Advancing Our Amazing Bet on Asymmetric Cryptography


Google and many other organizations, such as NIST, IETF, and NSA, believe that migrating to post-quantum cryptography is important due to the large risk posed by a cryptographically-relevant quantum computer (CRQC). In August, we posted about how Chrome Security is working to protect users from the risk of future quantum computers by leveraging a new form of hybrid post-quantum cryptographic key exchange, Kyber (ML-KEM)1. We’re happy to announce that we have enabled the latest Kyber draft specification by default for TLS 1.3 and QUIC on all desktop Chrome platforms as of Chrome 124.2 This rollout revealed a number of previously-existing bugs in several TLS middlebox products. To assist with the deployment of fixes, Chrome is offering a temporary enterprise policy to opt-out.

Launching opportunistic quantum-resistant key exchange is part of Google’s broader strategy to prioritize deploying post-quantum cryptography in systems today that are at risk if an adversary has access to a quantum computer in the future. We believe that it’s important to inform standards with real-world experience, by implementing drafts and iterating based on feedback from implementers and early adopters. This iterative approach was a key part of developing QUIC and TLS 1.3. It’s part of why we’re launching this draft version of Kyber, and it informs our future plans for post-quantum cryptography.

Chrome’s post-quantum strategy prioritizes quantum-resistant key exchange in HTTPS, and increased agility in certificates from the Web PKI. While PKI agility may appear somewhat unrelated, its absence has contributed to significant delays in past cryptographic transitions and will continue to do so until we find a viable solution in this space. A more agile Web PKI is required to enable a secure and reliable transition to post-quantum cryptography on the web.

To understand this, let’s take a look at HTTPS and the current state of post-quantum cryptography. In the context of HTTPS, cryptography is primarily used in three different ways:

  • Symmetric Encryption/Decryption. HTTP is transmitted as data inside a TLS connection using an authenticated cipher (AEAD) such as AES-GCM. These algorithms are broadly considered safe against quantum cryptanalysis and can remain in place.
  • Key Exchange. Symmetric cryptography requires a secret key. Key exchange is a form of asymmetric cryptography in which two parties can mutually generate a shared secret key over a public channel. This secret key can then be used for symmetric encryption and decryption. All current forms of asymmetric key exchange standardized for use in TLS are vulnerable to quantum cryptanalysis.
  • Authentication. In HTTPS, authentication is achieved primarily through the use of digital signatures, which are used to convey server identity, handshake authentication, and transparency for certificate issuance. All of the digital signature and public key algorithms standardized for authentication in TLS are vulnerable to quantum cryptanalysis.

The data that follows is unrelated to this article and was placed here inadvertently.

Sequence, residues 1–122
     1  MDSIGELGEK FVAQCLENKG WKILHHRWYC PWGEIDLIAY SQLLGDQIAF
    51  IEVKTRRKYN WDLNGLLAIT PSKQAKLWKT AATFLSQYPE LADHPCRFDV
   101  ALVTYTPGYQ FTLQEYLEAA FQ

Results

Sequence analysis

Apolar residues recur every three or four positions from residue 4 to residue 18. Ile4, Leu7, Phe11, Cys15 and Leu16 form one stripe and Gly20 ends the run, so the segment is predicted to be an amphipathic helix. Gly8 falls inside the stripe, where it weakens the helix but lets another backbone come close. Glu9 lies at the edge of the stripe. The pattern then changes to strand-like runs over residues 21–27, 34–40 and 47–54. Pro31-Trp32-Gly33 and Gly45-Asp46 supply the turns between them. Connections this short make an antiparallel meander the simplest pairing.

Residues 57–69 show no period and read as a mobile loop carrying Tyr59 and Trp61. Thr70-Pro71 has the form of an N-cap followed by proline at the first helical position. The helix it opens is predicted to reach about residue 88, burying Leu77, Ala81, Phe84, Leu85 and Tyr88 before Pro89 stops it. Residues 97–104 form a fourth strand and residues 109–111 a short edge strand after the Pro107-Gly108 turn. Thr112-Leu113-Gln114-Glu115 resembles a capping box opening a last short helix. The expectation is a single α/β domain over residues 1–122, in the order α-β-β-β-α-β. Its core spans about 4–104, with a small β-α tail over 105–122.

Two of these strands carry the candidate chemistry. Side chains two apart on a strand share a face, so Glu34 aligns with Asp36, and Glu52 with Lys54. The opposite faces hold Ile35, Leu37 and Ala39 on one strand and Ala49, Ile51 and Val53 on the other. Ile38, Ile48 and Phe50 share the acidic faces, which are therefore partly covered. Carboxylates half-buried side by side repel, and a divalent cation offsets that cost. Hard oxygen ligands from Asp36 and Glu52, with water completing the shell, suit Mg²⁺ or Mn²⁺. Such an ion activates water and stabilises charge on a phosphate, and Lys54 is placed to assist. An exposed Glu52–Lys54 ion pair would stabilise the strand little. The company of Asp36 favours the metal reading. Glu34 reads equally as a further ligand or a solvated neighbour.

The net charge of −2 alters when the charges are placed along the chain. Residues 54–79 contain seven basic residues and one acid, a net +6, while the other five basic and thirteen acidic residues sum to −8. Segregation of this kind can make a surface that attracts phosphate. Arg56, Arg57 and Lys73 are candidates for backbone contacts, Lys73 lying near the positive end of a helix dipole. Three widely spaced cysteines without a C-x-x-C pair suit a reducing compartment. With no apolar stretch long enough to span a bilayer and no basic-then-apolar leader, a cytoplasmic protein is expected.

This results in two separate quantum threats to HTTPS.

The first is the threat to traffic being generated today. An adversary could store encrypted traffic now, wait for a CRQC to be practical, and then use it to decrypt the traffic after the fact. This is commonly known as a store-now-decrypt-later attack. This threat is relatively urgent, since it doesn’t matter when a CRQC is practical—the threat comes from storing encrypted data now. Defending against this attack requires the key exchange to be quantum resistant. Launching Kyber in Chrome enables servers to mitigate store-now-decrypt-later attacks.

The second threat is that future traffic is vulnerable to impersonation by a quantum computer. Once a CRQC actually exists, it could be used to break the asymmetric cryptography used for authentication in HTTPS. To defend against impersonation from a CRQC, we need to migrate all of the asymmetric cryptography used for authentication to post-quantum variants. However, breaking authentication only affects traffic generated after the availability of CRQCs. This is because breaking authentication on a recorded transcript doesn’t help the attacker impersonate either party—the conversation has already finished.

In other words, there’s no store-now-decrypt-later equivalent for authentication, and so while migrating key exchange and authentication to post-quantum variants are both important, migrating authentication is less urgent than key exchange. This is good, because there are a variety of challenges for migrating to post-quantum authentication. Specifically, size.

Post-quantum cryptography is big compared to the pre-quantum cryptographic algorithms used in HTTPS. A Kyber key exchange is ~1KB transmitted per peer, whereas an X25519 key exchange is only 32 bytes per peer, an over 30x increase. The actual key exchange operation in Kyber is quite fast. Transmitting Kyber keys is quite slow. The extra size from Kyber causes the TLS ClientHello to be split into two packets, resulting in a 4% median latency increase to all TLS handshakes in Chrome on desktop. On desktop platforms, this, with HTTP/2 and HTTP/3 connection reuse, is not large enough to be noticeable in Core Web Vitals. Unfortunately, it is noticeable on Android, where Internet connections are often lower bandwidth and higher latency, and so we have not yet launched on Android.